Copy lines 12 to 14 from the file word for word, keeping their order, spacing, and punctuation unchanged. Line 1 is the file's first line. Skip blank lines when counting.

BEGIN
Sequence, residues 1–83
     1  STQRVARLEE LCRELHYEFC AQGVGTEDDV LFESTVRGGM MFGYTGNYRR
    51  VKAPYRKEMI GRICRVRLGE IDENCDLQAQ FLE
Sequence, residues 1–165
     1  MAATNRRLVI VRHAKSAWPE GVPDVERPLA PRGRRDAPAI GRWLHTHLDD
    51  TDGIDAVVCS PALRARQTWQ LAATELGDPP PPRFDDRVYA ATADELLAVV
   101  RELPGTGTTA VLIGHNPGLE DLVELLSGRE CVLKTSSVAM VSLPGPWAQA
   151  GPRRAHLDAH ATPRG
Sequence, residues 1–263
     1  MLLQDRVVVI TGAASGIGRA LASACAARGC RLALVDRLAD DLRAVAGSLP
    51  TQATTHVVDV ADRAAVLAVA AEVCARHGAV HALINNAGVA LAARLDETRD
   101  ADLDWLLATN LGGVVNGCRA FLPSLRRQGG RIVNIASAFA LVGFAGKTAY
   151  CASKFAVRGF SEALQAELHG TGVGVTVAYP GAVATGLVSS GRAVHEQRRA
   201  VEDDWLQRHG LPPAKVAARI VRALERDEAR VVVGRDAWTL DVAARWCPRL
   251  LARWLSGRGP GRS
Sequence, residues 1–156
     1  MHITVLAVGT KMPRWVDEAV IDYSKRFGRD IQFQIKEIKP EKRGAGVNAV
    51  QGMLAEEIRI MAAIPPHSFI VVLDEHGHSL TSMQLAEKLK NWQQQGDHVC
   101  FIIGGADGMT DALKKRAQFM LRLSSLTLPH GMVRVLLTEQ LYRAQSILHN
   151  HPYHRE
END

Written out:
   101  ADLDWLLATN LGGVVNGCRA FLPSLRRQGG RIVNIASAFA LVGFAGKTAY
   151  CASKFAVRGF SEALQAELHG TGVGVTVAYP GAVATGLVSS GRAVHEQRRA
   201  VEDDWLQRHG LPPAKVAARI VRALERDEAR VVVGRDAWTL DVAARWCPRL